India demands greater share in UN peacekeeping mandatesUnited Nations: India, among the top troop contributors to UN peacekeeping missions, has termed as ‘regretful' that non-members of the Security Council, who provide troops, are not allowed to participate in its decisions on drawing
United Nations: India, among the top troop contributors to UN peacekeeping missions, has termed as ‘regretful' that non-members of the Security Council, who provide troops, are not allowed to participate in its decisions on drawing up peacekeeping mandates.
"It is regretful that troop-contributing countries which are not members of the Security Council are not allowed to participate in decisions on drawing up of peacekeeping mandates. The consequence is detrimental to the effectiveness of the mandates drawn up by the Council. This also leads to a heavier drain on the financial, material and human resources being contributed for peacekeeping," India's Permanent Representative Ambassador Asoke Mukerji said at the C-34 panel (Special Committee on Peacekeeping) meeting here.
India has contributed about 180,000 troops to 44 of the 69 peacekeeping operations mandated so far.
Mukerji stressed that peacekeepers are meant to keep the peace, adding that the creation of peace, which is a political objective, is not the responsibility of peacekeepers but that of the Security Council.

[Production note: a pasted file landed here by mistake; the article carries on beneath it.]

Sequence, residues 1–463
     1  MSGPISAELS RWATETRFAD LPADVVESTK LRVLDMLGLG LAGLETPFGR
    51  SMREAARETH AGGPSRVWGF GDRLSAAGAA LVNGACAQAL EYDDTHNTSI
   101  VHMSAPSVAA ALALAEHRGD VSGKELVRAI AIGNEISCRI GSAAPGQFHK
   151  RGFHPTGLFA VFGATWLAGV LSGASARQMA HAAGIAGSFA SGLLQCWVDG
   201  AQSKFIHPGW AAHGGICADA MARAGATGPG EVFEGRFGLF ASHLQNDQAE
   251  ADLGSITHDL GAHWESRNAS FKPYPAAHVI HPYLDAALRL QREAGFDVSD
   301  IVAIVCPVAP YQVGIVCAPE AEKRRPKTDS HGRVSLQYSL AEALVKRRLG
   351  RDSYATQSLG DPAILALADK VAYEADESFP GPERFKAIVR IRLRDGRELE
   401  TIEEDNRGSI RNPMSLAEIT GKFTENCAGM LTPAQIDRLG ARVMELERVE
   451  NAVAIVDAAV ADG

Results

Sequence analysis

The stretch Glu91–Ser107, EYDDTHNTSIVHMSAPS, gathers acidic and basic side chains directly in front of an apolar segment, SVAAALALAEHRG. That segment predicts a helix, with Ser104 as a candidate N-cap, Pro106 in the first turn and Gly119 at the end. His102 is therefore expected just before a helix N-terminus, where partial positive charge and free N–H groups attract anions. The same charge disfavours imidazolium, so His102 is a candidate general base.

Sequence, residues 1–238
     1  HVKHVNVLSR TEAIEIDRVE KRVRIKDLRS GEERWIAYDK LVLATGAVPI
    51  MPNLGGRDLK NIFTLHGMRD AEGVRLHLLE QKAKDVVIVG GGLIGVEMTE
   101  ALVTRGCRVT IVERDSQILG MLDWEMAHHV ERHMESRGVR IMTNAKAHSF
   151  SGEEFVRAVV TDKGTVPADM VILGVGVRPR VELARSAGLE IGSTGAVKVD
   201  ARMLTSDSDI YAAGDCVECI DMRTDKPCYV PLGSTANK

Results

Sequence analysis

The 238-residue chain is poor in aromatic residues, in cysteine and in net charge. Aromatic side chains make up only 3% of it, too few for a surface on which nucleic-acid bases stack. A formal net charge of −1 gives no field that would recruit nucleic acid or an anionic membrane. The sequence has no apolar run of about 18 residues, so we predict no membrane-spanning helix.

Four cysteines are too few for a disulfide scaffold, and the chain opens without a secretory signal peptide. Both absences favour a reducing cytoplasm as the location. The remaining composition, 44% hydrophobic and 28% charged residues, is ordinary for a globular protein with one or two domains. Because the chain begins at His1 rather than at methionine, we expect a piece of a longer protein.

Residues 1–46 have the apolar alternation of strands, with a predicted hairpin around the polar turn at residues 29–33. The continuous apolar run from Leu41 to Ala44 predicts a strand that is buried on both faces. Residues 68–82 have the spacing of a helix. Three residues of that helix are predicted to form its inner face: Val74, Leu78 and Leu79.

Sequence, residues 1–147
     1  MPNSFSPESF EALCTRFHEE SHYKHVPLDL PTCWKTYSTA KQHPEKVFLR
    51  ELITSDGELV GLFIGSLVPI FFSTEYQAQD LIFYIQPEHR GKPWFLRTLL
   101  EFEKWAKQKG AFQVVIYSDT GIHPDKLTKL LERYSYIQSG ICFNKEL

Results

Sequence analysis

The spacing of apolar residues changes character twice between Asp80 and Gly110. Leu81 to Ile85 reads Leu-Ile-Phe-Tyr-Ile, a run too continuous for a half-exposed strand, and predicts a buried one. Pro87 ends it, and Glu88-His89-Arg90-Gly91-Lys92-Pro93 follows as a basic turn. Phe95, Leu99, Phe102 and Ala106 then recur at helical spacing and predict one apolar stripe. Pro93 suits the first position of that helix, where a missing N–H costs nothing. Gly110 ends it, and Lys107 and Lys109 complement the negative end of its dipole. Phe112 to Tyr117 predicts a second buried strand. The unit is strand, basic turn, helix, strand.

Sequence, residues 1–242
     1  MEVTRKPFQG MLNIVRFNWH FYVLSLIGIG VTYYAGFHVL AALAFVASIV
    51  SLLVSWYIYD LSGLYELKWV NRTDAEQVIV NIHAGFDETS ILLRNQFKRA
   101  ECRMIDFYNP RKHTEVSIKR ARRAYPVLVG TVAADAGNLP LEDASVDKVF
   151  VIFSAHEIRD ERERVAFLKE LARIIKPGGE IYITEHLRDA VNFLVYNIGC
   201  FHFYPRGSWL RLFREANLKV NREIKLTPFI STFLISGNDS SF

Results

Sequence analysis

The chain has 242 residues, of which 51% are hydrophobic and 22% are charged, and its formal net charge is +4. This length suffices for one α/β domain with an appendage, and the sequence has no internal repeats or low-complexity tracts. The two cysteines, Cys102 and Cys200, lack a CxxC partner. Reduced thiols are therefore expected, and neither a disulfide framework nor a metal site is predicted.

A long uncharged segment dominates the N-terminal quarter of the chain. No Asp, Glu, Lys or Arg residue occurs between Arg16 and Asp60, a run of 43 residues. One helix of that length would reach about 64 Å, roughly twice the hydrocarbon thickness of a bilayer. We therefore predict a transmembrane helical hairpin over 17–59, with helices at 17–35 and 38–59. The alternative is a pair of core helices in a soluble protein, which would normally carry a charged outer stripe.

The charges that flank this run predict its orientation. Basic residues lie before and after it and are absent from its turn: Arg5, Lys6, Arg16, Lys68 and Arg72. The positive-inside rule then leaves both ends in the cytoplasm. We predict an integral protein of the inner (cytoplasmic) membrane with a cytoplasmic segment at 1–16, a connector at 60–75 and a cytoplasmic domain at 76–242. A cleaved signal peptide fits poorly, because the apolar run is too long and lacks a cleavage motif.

"If the panel finds that the Council has not been able to discharge this responsibility, given to it by the Charter, then we hope that it would recommend implementing early reforms of the Council so that the UN is made 'fit for purpose' in the 21st century," he said.
"The alleged failures of peacekeeping, and proposals for recourse to 'robust' or 'interventionist' peacekeeping, actually deflect attention from the malfunctioning of special political missions and peace-building activities," he said.
He cited the example of South Sudan where, as the Secretary General has said, "There is no peace to keep".
"How can peacekeepers be deployed, and expected to perform their duties, in such a situation is a valid question for the panel to answer," he said.
Mukerji said many dimensions of the multi-dimensional peacekeeping operations being mandated by the Security Council fall into the basket of peace-building.
Issues like monitoring ceasefires, demobilizing and reintegrating combatants and assisting the return of refugees and displaced persons and enhancing human rights protections should not be clubbed with traditional peacekeeping.
"The failure to ensure peace-building activities, generates volatile situations, which peacekeeping is not equipped to handle," he said, citing the example of the situation in the Central African Republic.